The Mucker

By Edgar Rice Burroughs

Page 151

I rustled grub, he rustled rhyme--
Blind-baggage, hoof it, ride or climb--we always put it through.


"You're a good sort," he broke off, suddenly. "There ain't many boes
that would have done as much for a fellow."

"It was two against one," replied Billy, "an' I don't like them odds.
Besides I like your poetry. Where d'ye get it--make it up?"

"Lord, no," laughed the other. "If I could do that I wouldn't be
pan-handling. A guy by the name of Henry Herbert Knibbs did them. Great,
ain't they?"

"They sure is. They get me right where I live," and then, after a pause;
"sure you got enough fer two, bo?"

"I have enough for you, old top," replied the host, "even if I only had
half as much as I have. Here, take first crack at the ambrosia. Sorry
I have but a single cup; but James has broken the others. James is very
careless. Sometimes I almost feel that I shall have to let him go."

"Who's James?" asked Billy.

"James? Oh, James is my man," replied the other.

Billy looked up at his companion quizzically, then he tasted the dark,
thick concoction in the tin can.

"This is coffee," he announced. "I thought you said it was ambrose."

"I only wished to see if you would recognize it, my friend," replied the
poetical one politely. "I am highly complimented that you can guess what
it is from its taste."

For several minutes the two ate in silence, passing the tin can back and
forth, and slicing--hacking would be more nearly correct--pieces of meat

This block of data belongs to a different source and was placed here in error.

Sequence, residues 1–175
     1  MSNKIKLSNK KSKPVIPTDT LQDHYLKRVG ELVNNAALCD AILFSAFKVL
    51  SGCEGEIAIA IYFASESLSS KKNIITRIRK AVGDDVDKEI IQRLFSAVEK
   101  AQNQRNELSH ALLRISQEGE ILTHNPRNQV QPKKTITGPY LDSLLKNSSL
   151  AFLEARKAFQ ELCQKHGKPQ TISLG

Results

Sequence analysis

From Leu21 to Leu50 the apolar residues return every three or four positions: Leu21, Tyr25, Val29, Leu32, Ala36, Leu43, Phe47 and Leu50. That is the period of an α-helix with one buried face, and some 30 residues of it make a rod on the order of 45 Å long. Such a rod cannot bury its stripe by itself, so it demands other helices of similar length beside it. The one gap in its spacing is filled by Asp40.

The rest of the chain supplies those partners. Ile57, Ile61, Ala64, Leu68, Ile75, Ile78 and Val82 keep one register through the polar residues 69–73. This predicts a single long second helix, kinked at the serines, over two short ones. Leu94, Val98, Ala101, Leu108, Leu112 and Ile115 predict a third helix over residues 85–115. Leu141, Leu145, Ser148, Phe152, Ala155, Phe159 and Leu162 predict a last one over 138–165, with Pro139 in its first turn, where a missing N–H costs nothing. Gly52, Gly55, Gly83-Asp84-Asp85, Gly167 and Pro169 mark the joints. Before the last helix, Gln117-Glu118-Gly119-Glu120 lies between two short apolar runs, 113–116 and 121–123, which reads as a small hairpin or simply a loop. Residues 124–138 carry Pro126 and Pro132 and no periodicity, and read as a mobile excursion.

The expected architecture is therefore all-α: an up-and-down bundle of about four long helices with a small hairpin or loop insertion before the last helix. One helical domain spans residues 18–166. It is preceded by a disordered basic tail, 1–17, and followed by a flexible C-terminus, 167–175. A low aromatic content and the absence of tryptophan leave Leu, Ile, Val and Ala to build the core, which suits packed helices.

from the half-roasted fowl. It was Billy who broke the silence.

"I think," said he, "that you been stringin' me--'bout James and
ambrose."

The other laughed good-naturedly.

"You are not offended, I hope," said he. "This is a sad old world, you
know, and we're all looking for amusement. If a guy has no money to buy
it with, he has to manufacture it."

"Sure, I ain't sore," Billy assured him. "Say, spiel that part again
'bout Penelope with the kisses on her mouth, an' you can kid me till the
cows come home."

The camper by the creek did as Billy asked him, while the latter sat
with his eyes upon the fire seeing in the sputtering little flames the
oval face of her who was Penelope to him.

When the verse was completed he reached forth his hand and took the tin
can in his strong fingers, raising it before his face.

"Here's to--to his Knibbs!" he said, and drank, passing the battered
thing over to his new friend.

"Yes,"

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Text Comparison with The Chessmen of Mars

Page 2
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